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Challenges to Religious Pluralism

  • Zain Ali
Part of the Palgrave Frontiers in Philosophy of Religion book series (PFPR)

Abstract

My aim in this chapter is to evaluate three distinct challenges to the pluralism that is associated with the Jamesian account of faith. I have previously noted that the Jamesian account can be employed by a reflective atheist, Christian or Jew. The reason why the account is broadly applicable is that the question of entitlement to believe in God can arise for the atheist, Jew or Christian, in much the same way as it arises for the reflective Muslim. If reflective individuals, on considering the question of whether God exists conclude that the question cannot be decided on intellectual grounds, and they also find that they have a passionally caused belief which decides a genuine option, then they are entitled to a venture beyond the evidence. The constraints associated with the Jamesian account thus allow for a plurality of entitlements, some of which are mutually exclusive of each other. For example, if the reflective Muslim satisfies the constraints of the Jamesian account, then they are entitled to act on their belief. Similarly, the reflective atheist can also be entitled to venture if they also satisfy the Jamesian constraints. If a person, such as the reflective Muslim, were to endorse the Jamesian account, they would also have to concede that the account permits ventures that are incompatible with their own.

Keywords

Religious Faith Religious Diversity Religious Pluralism True Teaching Christian Theism 
These keywords were added by machine and not by the authors. This process is experimental and the keywords may be updated as the learning algorithm improves.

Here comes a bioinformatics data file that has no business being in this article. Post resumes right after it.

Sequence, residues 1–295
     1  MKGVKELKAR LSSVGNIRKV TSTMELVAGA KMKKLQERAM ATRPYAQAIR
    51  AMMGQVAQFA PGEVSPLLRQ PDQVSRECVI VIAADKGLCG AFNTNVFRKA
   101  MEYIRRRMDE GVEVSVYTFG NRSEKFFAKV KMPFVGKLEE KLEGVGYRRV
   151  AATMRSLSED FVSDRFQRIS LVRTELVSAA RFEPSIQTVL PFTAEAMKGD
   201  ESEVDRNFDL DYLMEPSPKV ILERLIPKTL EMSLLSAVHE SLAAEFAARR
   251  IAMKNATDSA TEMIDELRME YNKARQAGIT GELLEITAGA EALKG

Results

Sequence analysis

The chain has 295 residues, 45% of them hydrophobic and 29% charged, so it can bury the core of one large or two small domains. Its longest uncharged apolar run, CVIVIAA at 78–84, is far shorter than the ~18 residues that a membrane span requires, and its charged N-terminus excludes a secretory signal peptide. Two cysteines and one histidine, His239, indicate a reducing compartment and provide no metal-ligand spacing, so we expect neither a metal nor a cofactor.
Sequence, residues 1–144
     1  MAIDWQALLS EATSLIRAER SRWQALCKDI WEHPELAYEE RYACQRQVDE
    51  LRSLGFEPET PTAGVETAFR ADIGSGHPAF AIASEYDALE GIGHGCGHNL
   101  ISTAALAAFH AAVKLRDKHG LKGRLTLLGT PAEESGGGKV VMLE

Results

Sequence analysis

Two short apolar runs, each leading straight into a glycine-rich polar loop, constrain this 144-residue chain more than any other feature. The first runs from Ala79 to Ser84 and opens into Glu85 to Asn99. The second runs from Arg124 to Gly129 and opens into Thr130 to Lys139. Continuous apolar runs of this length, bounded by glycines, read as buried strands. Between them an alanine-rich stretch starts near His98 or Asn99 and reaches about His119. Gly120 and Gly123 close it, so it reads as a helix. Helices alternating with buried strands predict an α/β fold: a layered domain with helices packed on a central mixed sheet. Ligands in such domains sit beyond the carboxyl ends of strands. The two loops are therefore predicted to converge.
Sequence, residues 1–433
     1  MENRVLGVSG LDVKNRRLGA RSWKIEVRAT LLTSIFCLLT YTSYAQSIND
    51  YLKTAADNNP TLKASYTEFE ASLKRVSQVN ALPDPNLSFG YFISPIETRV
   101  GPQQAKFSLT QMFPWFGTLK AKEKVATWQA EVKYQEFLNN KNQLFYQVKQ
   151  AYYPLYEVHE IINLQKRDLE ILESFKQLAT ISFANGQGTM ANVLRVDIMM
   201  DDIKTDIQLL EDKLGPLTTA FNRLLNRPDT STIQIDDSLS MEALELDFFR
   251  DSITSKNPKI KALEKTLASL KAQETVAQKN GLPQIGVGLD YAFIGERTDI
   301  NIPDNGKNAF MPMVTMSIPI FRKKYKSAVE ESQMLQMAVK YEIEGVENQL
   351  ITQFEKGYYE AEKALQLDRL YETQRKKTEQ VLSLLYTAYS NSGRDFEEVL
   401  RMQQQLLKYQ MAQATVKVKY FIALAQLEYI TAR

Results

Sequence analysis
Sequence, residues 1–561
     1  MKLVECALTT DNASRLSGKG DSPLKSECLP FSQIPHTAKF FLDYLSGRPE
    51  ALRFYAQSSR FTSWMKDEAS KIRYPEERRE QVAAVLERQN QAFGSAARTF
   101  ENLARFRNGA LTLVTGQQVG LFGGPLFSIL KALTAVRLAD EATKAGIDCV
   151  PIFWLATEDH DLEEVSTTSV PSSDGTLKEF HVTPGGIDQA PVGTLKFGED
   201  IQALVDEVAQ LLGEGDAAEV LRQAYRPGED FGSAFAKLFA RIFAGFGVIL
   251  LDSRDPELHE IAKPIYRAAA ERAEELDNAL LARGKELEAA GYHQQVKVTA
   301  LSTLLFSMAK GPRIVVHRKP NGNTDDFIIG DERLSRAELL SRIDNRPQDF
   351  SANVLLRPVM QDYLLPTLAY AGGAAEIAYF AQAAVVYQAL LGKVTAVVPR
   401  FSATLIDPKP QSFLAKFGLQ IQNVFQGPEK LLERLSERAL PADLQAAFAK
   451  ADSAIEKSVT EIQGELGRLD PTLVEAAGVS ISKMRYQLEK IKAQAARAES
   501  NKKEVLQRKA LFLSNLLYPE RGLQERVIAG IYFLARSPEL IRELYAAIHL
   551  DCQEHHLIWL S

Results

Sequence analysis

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Notes

  1. 1.
    Imran Aijaz, ‘Belief, Providence and Eschatology: Some Philosophical Problems in Islamic Theism’, Philosophy Compass, 2008, 3(1): 231–253.CrossRefGoogle Scholar
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    Alvin Plantinga, ‘Ad Hick’, Faith and Philosophy, 1997, 14(3): 296.CrossRefGoogle Scholar
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    Kelly James Clark, ‘Perils of Pluralism’, Faith and Philosophy, 1997, 14(3): 318.CrossRefGoogle Scholar
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    Abdullah Yusuf Ali, The Meaning of the Holy Quran (Brentwood. MD: Amana Corp., 1993)Google Scholar
  5. 24.
    Aijaz, ‘Belief, Providence and Eschatology’, p. 239. The quote itself is from, Toshihiko Izutsu, The Concept of Belief in Islamic Theology (Basingstoke: Yurindo, 1965), pp. 7–8.Google Scholar
  6. 26.
    D. B. Macdonald, ‘Fitra’, in Encyclopaedia of Islam (ed.) H. A. R. Gibb [et al.] (Leiden: E.J. Brill, 1960-[i.e., 1954-]-2001), pp. 931–932.Google Scholar
  7. 32.
    J. J. G. Jansen, ‘Mu’Min’, in Encyclopaedia of Islam, by H.A.R. Gibb [et al.] (Leiden: E.J. Brill, 1960-[i.e.1954-] — <2001), pp. 554–555.Google Scholar
  8. 46.
    A recent paper on the work of Ibn Qayyim al-Jawziyya suggests that universal salvation may be compatible with an exclusivist perspective. Ibn al-Qayyim argues that every person will eventually be encompassed by God’s mercy. He maintains that hell is not merely punitive, but also therapeutic, i.e., a person will be cleansed from their sins, including the sin of non-belief. See Jon Hoover, ‘Islamic Universalism: Ibn Qayyim al-Jawziyya’s Salafī Deliberations on the Duration of Hell-Fire’, The Muslim World, January 2009, 99(1): 181–201.CrossRefGoogle Scholar

Copyright information

© Zain Ali 2013

Authors and Affiliations

  • Zain Ali
    • 1
  1. 1.University of AucklandNew Zealand

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